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by Staff Writers
Kourou, French Guiana (ESA) Aug 03, 2012
With 50 successful launches in a row, Ariane 5 clearly sets the standard in space transportation for all customers, whether national or international agencies, governments or private industry. Above all, Ariane 5 guarantees independent access to space for Europe, and is in fact one of the most eloquent examples of the ongoing construction of Europe.
Birth of a giant It was back in 1977, even before the first launch of Ariane 1, that the idea emerged for a heavy-lift version of the European launcher.
The concept was submitted to French space agency CNES in 1979, with the aim of developing a launcher that could carry 5,500 kg into geostationary transfer orbit (GTO), to keep pace with the trend towards larger and larger satellites.
In 1985, at the instigation of France, represented by Hubert Curien, the ministerial conference in Rome approved the development of a version with a payload capacity of 6,800 kg. The program was confirmed two years later at the ESA conference in The Hague, and led to a first Ariane 5 launch in 1996.
In the meantime, however, satellites continued to grow, and in 1999 Europe's space ministers, meeting at a conference in Brussels, approved the development of Ariane 5 ECA, capable of placing 9,500 kg into GTO. This version is now the flagship launch vehicle for Arianespace, which has just carried out the 50th successful Ariane 5 launch in a row.
A technological and industrial success For more than 25 years the Ariane 5 program has been a powerful lever of technological development in Europe. Now built under the responsibility of prime contractor Astrium, Ariane 5 incorporates state-of-the-art technologies and systems.
Safran's Space Engines division in Vernon, west of Paris, and partners throughout Europe have risen to the daunting challenge of designing, developing and building a reliable high-pressure cryogenic rocket propulsion systems. The Safran-led team includes Astrium in Germany, Avio in Italy and Volvo in Sweden, to name just a few.
At Les Mureaux, near Paris, Astrium has teamed up with Air Liquide to create an assembly line for the cryogenic propellant tanks, stretching 5 meters in diameter. They are immediately integrated to form the main stage, which is then shipped via boat to the launch site in French Guiana.
Manufacture of the solid boosters starts in Augsburg, Germany at MT Aerospace, which makes the metallic cylindrical sections for these stages. Production continues at Avio in Italy, then shifts to French Guiana, where a plant produces the solid propellant for the solid rocket motors. The composite nozzle made in Bordeaux is then fitted to these motors, with equipment from Sabca of Belgium.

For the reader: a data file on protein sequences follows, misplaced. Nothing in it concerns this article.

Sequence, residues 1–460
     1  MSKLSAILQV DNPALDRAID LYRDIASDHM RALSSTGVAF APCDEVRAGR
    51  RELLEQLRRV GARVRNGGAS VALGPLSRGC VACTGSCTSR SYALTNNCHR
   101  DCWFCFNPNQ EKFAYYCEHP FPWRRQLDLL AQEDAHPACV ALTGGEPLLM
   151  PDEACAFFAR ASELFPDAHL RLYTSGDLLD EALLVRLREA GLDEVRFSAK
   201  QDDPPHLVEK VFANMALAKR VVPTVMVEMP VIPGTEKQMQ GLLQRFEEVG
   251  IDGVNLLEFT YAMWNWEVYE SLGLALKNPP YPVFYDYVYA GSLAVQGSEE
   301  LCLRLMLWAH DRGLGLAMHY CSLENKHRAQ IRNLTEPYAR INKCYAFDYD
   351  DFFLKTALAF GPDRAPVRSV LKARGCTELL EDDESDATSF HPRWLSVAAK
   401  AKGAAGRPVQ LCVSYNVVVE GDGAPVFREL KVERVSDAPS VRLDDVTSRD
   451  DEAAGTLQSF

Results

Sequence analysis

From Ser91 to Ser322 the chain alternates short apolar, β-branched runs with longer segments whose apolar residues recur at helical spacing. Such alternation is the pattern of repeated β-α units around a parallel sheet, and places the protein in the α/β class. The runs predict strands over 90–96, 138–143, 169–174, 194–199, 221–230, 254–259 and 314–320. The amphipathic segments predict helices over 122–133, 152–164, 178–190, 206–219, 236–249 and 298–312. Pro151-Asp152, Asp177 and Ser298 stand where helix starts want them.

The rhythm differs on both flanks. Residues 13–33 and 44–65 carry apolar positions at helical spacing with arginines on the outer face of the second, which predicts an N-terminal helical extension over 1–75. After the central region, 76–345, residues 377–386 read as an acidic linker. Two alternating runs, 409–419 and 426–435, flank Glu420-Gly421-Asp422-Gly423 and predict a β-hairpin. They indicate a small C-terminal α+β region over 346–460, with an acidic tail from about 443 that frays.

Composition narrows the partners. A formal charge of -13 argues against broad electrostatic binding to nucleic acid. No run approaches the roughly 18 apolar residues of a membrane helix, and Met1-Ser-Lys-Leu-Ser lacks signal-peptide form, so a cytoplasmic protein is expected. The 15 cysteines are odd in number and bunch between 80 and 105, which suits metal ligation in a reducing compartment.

The fairings for the launcher are produced by Ruag Space in Zurich, Switzerland. Stretching up to 17 meters tall, these are now the largest fairings on the market, designed to house today's largest satellites as well as the ATV cargo vessel for the International Space Station.
The launch facilities at the Guiana Space Center in French Guiana have also evolved over time to welcome this exceptional launcher and meet growing demand.
These facilities are designed to support several launch preparation campaigns at the same time, since they include two mobile launch tables and several satellite preparation buildings, operated in particular by the company Clemessy. These buildings are considered the most modern in the world, and are one of Arianespace's main competitive advantages.
A business success admired worldwide Arianespace has been the world's leading launch services company for over 30 years, orbiting more than half of all commercial satellites.
This success in the commercial market has fostered the conditions needed to support a high launch rate, thus guaranteeing the long-term viability of the European launcher industry, and independent access to space for Europe.
In less than ten years, 50 Ariane 5 launchers have successfully orbited 90 main payloads (80 into geostationary transfer orbit, 10 into low Earth orbit) and ten auxiliary payloads, with a cumulated weight exceeding 400 tons.
While three-fourths of these satellites are for telecommunications services, Ariane 5 is designed to handle a complete range of launch missions, and it has also orbited a number of weather, defense and scientific satellites.
In addition, Ariane 5 has already carried out three launches of the 20-ton ATV, which ferries supplies to the International Space Station. Every year, Arianespace signs more than half of all satellite launch contracts in the open international market.
Arianespace currently has a backlog of launch orders from 28 customers, equal to three years of business. For Ariane 5, this translates into a total of 19 launches, already scheduled in the coming years, ensuring continued access to space for Europe, and an enviable workload for its space industry.
Launch Pad at Space-Travel.com
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